Why the chicken executive price-fixing case is a priority for prosecutors

As jury selection begins in the unusual third trial of leaders at Pilgrim’s Pride and Claxton Poultry Farms, the DOJ is doubling down on its strategy of holding those in charge accountable.

The U.S. Justice Department is hopeful that in the criminal case involving poultry executives whom it says conspired to keep prices high, the third time will be the charm.
Jury selection is scheduled to begin today in Colorado as part of a seldom-seen third trial of the executives from Pilgrim’s Pride and Claxton Poultry Farms. The case, which comes out of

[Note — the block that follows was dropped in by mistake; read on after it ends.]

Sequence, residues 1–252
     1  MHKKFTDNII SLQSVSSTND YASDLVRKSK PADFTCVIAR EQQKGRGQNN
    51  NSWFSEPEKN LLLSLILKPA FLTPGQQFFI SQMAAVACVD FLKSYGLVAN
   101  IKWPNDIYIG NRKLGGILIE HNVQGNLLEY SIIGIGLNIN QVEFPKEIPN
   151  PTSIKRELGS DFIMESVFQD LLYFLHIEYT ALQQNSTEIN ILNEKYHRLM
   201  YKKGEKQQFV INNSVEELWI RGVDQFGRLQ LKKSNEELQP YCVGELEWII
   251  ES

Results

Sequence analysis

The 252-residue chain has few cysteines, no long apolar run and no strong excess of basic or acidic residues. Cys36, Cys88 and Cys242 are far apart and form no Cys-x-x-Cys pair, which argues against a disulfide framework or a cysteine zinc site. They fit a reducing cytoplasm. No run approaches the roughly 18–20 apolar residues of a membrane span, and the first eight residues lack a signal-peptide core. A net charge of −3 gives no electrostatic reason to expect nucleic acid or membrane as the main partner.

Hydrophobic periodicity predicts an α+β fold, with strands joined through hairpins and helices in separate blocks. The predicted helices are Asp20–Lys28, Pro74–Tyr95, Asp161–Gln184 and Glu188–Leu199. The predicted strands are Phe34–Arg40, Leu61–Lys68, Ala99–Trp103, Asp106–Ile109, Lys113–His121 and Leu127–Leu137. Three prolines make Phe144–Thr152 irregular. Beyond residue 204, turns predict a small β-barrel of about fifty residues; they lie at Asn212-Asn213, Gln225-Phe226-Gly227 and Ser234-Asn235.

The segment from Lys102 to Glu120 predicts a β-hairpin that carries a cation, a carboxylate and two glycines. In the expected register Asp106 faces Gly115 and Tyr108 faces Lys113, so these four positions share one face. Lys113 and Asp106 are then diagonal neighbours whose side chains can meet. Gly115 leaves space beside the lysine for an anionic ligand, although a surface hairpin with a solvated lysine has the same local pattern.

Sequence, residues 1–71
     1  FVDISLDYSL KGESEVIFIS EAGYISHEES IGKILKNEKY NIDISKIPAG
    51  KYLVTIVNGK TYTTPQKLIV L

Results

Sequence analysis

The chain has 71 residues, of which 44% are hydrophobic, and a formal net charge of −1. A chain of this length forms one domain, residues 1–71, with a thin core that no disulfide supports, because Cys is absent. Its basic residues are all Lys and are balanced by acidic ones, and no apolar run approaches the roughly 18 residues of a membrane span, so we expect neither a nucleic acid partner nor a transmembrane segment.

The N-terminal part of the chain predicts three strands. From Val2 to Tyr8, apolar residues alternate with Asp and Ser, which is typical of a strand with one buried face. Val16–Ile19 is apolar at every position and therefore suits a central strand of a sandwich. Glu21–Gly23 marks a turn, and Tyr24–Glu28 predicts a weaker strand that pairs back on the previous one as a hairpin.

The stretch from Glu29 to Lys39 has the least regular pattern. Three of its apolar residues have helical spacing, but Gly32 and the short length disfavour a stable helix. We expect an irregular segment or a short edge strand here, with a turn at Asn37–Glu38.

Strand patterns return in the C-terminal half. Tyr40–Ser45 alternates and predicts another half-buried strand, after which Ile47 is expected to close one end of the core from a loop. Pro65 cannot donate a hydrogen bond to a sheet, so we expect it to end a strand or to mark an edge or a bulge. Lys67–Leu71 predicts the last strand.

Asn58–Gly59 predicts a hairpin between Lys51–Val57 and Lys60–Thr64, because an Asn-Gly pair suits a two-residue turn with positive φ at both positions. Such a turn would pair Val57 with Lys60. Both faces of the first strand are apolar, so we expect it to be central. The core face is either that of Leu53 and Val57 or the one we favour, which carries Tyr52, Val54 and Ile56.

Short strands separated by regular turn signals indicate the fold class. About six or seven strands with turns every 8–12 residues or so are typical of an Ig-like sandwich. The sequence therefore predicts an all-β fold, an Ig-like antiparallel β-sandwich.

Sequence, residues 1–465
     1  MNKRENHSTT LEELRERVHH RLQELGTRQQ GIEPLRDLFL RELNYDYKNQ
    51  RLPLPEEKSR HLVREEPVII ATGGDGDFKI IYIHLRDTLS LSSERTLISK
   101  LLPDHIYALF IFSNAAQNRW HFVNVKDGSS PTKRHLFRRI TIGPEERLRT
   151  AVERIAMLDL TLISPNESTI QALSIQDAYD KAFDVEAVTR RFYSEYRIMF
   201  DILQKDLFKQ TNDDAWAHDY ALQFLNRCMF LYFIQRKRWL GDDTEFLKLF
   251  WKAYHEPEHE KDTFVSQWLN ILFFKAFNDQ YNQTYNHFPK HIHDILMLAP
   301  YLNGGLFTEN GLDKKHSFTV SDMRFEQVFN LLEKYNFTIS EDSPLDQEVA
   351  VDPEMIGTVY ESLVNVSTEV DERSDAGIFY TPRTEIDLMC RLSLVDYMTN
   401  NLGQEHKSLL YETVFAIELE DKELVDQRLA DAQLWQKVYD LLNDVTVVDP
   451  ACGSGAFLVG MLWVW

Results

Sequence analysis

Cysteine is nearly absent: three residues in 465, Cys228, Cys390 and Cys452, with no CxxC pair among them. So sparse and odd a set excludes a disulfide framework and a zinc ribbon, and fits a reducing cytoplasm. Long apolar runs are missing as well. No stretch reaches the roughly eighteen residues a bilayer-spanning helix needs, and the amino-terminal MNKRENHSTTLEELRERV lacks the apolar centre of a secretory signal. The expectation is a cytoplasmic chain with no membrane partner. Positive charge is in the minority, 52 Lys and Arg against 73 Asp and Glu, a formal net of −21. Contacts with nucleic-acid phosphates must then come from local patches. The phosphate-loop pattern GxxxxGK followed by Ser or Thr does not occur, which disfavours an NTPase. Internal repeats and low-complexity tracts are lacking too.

a 2020 indictment, has gone to trial twice before. Both times, deadlocked juries led to the cases being declared mistrials. After the last trial ended without a verdict in March, the Justice Department immediately said it wanted to try the case again.

The case is is part of a years-long investigation into price-fixing in the poultry sector. The investigation — which was revealed as the Justice Department intervened in a 2016 class action price fixing lawsuit — ended with criminal charges against 14 poultry executives.

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